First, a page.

Then Jesus said to the Jews who had believed in him, “If you continue in my word, you are truly my disciples; and you will know the truth, and the truth will make you free.” They answered him, “We are descendants of Abraham and have never been slaves to anyone. What do you mean by saying, ‘You will be made free’?” Jesus answered them, “Very truly, I tell you, everyone who commits sin is a slave to sin. The slave does not have a permanent place in the household; the son has a place there forever. So if the Son makes you free, you will be free indeed. I know that you are descendants of Abraham; yet you look for an opportunity to kill me, because there is no place in you for my word.
I declare what I have seen in the Father’s presence; as for you, you should do what you have heard from the Father.” They answered him, “Abraham is our father.” Jesus said to them, “If you were Abraham’s children, you would be doing what Abraham did, but now you are trying to kill me, a man who has told you the truth that I heard from God. This is not what Abraham did. You are indeed doing what your father does.” They said to him, “We are not illegitimate children; we have one father, God himself.” Jesus said to them, “If God were your Father, you would love me, for I came from God and now I am here. I did not come on my own, but he sent me.
New Revised Standard Version, copyright 1989, by the National Council of the Churches of Christ in the United States of America. Used by permission. All rights reserved. USCCB approved (http://www.usccb.org/bible/approved-translations)
In today’s gospel Jesus tells his disciples “the truth will set you free.” Have you ever asked yourself the question, “free for what and free from what?” It is appropriate we ask such basic questions during this holy season of Lent. It is a season of repentance. The Latin root of the word repent means to “rethink.”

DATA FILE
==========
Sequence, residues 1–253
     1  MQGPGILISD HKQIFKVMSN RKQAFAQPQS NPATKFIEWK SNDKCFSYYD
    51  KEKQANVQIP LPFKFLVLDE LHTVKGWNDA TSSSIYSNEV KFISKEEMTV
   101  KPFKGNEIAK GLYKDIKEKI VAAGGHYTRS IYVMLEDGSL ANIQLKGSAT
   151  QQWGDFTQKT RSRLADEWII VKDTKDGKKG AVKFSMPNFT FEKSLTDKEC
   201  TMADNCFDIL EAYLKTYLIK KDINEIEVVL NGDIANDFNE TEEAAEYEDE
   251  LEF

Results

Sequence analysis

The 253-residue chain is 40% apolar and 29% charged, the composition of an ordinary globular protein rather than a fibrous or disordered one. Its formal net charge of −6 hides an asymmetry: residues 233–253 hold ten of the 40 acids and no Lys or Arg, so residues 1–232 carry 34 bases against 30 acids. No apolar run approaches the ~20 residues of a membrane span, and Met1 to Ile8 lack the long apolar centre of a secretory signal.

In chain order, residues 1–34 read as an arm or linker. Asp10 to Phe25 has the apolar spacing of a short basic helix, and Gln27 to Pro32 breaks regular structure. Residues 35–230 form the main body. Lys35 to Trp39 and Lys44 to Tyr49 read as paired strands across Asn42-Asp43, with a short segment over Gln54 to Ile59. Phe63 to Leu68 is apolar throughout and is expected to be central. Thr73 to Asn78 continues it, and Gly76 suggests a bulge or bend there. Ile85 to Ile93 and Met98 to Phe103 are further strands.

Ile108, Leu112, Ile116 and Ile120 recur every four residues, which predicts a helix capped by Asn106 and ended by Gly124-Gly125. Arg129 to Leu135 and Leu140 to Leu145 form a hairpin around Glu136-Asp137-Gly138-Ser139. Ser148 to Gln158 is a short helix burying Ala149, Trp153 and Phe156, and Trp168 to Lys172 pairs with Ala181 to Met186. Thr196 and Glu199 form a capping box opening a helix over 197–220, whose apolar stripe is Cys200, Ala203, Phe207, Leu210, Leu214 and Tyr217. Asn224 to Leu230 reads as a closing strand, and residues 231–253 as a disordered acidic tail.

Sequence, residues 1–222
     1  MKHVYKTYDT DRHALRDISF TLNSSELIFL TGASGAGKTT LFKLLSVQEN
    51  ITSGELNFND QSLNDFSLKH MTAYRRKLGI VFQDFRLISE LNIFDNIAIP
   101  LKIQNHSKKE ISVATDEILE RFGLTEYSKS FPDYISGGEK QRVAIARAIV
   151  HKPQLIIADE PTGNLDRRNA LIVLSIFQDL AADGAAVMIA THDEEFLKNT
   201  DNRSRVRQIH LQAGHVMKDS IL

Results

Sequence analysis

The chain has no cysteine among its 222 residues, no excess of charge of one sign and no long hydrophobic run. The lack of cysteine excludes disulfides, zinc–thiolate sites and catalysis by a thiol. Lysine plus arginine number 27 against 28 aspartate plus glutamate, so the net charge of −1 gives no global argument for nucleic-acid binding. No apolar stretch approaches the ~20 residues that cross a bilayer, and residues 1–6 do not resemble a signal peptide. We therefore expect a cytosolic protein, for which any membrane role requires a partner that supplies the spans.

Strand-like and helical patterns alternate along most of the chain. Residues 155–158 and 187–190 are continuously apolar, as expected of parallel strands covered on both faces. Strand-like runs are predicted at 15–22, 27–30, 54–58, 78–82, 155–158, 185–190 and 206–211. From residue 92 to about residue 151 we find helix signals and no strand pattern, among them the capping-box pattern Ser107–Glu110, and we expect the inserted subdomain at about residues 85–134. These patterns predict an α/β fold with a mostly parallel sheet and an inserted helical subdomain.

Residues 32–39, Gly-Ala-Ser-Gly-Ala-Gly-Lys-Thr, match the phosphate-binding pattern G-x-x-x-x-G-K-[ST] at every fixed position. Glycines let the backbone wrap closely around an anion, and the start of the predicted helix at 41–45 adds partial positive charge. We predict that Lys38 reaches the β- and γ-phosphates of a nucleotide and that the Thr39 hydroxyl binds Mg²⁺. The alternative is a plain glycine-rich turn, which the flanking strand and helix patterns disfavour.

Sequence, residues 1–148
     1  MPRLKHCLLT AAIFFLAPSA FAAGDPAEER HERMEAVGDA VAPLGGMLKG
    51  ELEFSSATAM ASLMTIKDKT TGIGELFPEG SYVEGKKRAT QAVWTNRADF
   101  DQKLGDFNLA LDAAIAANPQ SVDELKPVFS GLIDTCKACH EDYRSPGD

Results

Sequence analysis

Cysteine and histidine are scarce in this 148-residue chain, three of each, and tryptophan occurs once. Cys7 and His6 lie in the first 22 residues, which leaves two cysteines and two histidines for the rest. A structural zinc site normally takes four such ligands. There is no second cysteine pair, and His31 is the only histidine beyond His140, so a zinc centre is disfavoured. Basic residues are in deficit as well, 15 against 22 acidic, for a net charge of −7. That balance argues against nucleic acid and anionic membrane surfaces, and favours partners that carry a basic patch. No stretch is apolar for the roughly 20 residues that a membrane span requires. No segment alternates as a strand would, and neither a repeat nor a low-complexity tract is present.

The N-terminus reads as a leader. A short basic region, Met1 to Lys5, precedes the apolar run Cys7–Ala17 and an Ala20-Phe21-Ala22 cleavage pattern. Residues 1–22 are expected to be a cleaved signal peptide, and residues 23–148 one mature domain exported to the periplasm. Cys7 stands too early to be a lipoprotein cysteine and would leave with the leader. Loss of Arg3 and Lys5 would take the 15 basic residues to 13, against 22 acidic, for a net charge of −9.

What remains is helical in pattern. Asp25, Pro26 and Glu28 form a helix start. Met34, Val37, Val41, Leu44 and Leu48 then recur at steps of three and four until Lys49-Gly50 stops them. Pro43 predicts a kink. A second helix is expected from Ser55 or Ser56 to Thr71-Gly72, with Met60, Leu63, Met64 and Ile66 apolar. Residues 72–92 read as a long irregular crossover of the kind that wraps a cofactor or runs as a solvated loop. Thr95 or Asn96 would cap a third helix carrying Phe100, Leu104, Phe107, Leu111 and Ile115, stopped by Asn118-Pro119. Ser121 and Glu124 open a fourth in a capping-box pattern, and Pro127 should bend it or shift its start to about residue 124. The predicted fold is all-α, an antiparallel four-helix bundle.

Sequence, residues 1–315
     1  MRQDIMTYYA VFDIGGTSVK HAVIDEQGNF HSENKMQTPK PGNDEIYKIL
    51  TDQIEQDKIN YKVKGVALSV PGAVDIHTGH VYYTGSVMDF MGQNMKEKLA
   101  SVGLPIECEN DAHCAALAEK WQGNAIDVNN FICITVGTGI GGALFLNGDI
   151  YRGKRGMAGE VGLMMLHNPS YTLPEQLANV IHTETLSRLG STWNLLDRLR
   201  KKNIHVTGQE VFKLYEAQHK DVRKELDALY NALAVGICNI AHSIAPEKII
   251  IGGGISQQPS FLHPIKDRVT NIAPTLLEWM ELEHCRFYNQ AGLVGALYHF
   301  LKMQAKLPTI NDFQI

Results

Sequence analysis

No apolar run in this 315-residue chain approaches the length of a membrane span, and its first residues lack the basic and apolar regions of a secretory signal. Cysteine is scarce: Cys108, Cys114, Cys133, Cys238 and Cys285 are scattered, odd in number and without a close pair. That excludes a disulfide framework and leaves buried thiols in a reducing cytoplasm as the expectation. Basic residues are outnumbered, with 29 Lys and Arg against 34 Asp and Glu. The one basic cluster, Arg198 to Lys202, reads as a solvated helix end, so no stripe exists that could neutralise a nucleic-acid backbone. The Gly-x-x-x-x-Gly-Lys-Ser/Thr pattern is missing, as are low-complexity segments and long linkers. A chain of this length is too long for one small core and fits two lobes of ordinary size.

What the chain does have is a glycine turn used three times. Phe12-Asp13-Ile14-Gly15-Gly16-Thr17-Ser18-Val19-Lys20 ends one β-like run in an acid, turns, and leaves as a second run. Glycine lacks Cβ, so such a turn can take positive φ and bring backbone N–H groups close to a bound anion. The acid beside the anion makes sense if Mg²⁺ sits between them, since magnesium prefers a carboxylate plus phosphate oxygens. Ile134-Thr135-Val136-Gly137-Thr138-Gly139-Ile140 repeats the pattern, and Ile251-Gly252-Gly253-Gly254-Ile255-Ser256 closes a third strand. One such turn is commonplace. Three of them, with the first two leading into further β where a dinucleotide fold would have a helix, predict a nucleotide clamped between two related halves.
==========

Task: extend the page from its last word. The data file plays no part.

In the Principle and Foundation, which begins the Spiritual Exercises, St. Ignatius states that our deepest purpose in life is to be with God forever. Being with God is not only for eternity, but also here and now. By having the eyes to see and the ears to hear truth in our lives, we know this is what we are “free for.”
Ignatius goes on to say, God creates all things to bring us closer to him. Our attitude toward all things should be to embrace those that unite us to God and reject those that separate us from God. And so, we should be “free from” those things which keep us from the closest of relationships with God.
Our practice of giving something up for Lent should be informed by a consideration of what leads us away from God. Let us give up that which keeps us from God. Again, let us have the eyes to see and the ears to hear the truth about what keeps us away from the deepest relationship with God here and now.
What are some of the things I desire to be “free from” this season of Lent? Might I fast from gossip, undue anger, envy, greed, or selfishness? Ask God for the grace to see what keeps you from Him and for the courage and strength to be free from it.
—David McNulty, Provincial Assistant for Advancement, Chicago-Detroit Province Jesuits
Lord, let your truth bring light upon every falsehood that holds us bondage. Guide us to eliminate any deceptions that separate us from those we love and those we serve. Silence those voices that diminish our destiny to be our best selves. And strengthen our resolve to stand for the truth, particularly when we risk approval and recognition.
—The Jesuit Prayer TeamPlease share the Good Word with your friends!